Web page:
Updated: May 22, 2019
by Palma Strand
When Malka and I first started writing about “civity,” our computers and phones auto-corrected it to “cavity.” (Good for a chuckle, but completely random!)
And when we now talk about “civity” in conversation, people frequently think we’re talking about “civility.” (A distant family member, but related only to the same degree as you and your shirt-tail cousin – with a number of seconds, thirds, or fourths and several times removed.)
So where did this word come from and why do we use it?
First, a reminder of what “civity” means to us: people working together to solve important civic problems … in communities, cities, and regions.
We coined this term because there isn’t another word that captures all of these elements. People. Working together. On civic problems. In communities, cities, and regions.
Though “civity” isn’t actually a completely made-up word: In earlier times, according to the Oxford English Dictionary, “civity” was another word for “city.”
And before “city” came to have its current connotation of physical place and space, it meant “the body of citizens, the community.”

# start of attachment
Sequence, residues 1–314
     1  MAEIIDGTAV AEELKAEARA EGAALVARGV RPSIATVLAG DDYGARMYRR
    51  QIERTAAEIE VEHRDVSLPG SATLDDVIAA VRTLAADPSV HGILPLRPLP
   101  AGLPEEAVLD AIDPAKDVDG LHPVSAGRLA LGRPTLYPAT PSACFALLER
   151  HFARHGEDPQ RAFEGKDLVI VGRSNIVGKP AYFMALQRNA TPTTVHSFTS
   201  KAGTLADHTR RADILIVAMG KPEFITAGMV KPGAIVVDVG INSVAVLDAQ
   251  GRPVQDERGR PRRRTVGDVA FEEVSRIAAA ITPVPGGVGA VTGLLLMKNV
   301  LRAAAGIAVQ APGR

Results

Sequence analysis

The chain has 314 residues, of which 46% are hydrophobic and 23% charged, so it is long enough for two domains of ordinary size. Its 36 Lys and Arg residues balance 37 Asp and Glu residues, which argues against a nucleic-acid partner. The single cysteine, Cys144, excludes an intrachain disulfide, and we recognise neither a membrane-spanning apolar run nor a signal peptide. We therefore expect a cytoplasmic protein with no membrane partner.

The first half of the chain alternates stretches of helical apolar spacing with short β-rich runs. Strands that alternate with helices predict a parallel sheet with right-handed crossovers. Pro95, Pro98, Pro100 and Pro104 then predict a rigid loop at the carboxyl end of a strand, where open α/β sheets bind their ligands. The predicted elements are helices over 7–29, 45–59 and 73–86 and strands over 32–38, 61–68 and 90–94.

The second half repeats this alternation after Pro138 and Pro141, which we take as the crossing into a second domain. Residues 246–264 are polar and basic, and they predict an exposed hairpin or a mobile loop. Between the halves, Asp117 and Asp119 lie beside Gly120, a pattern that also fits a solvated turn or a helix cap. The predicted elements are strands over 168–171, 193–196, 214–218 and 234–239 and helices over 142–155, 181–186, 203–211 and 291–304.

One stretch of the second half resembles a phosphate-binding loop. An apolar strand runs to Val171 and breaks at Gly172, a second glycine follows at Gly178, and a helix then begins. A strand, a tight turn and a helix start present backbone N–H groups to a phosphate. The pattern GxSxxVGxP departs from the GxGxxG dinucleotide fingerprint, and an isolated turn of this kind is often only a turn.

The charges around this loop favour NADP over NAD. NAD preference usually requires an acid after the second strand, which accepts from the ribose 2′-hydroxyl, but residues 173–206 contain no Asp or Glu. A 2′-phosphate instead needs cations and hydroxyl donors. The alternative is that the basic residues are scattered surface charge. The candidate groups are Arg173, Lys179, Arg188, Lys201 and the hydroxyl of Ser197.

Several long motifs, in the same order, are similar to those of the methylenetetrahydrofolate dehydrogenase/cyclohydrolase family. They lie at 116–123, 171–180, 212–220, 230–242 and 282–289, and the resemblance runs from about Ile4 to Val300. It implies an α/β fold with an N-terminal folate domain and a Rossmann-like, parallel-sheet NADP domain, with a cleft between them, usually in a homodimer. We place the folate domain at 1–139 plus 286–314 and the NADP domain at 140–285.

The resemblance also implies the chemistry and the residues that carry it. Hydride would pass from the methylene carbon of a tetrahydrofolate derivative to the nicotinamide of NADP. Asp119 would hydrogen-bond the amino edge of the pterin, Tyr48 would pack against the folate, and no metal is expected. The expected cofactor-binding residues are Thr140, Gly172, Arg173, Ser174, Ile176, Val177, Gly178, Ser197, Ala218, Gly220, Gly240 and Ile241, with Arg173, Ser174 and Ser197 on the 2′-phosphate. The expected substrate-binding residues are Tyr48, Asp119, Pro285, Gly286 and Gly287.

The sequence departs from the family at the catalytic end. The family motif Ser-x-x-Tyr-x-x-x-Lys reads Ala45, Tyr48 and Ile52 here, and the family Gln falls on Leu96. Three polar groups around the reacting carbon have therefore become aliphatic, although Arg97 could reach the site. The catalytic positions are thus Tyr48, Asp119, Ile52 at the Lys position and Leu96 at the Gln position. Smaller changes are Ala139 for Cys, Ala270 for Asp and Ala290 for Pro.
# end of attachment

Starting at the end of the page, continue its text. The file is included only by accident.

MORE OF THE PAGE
“The body of citizens, the community.”
The city was the people.
We use the word “civity” because it reminds us that a city – an actual city, a region, or any body of citizens or residents – is still the people.
OK, “civity” is the people. So what? Wouldn’t the word “community” be just as good?
We don’t think so.
“Community” emphasizes what people in a group have in common. (There are those word families again – “community” and “common.”)
“Civity” goes beyond to embrace also difference and diversity. For equity – of course. But also because difference and diversity are the very essence of resilience: Biodiversity makes for healthy ecosystems; human diversity makes for healthy social systems.
“Community” is indispensable: We need safe, bonded, nurturing spaces.
“Civity” reminds us that we work better and more effectively when our working relationships reach within and stretch across. We also need the bridging relationships that expand our networks and enable us to bring more perspectives, resources, and creative energy to bear on the the larger concerns we all share.
Circling back to “civility,” its importance in building “civity” is evident: Relationships of mutual respect, empathy, and trust that enable collaboration and creativity have a hard time developing if “civility” is absent.
And, oddly enough, even our computers and phones may be on to something. The word “cavity” comes from the Latin for “hollow.” “Civity” saves us from “cavity.”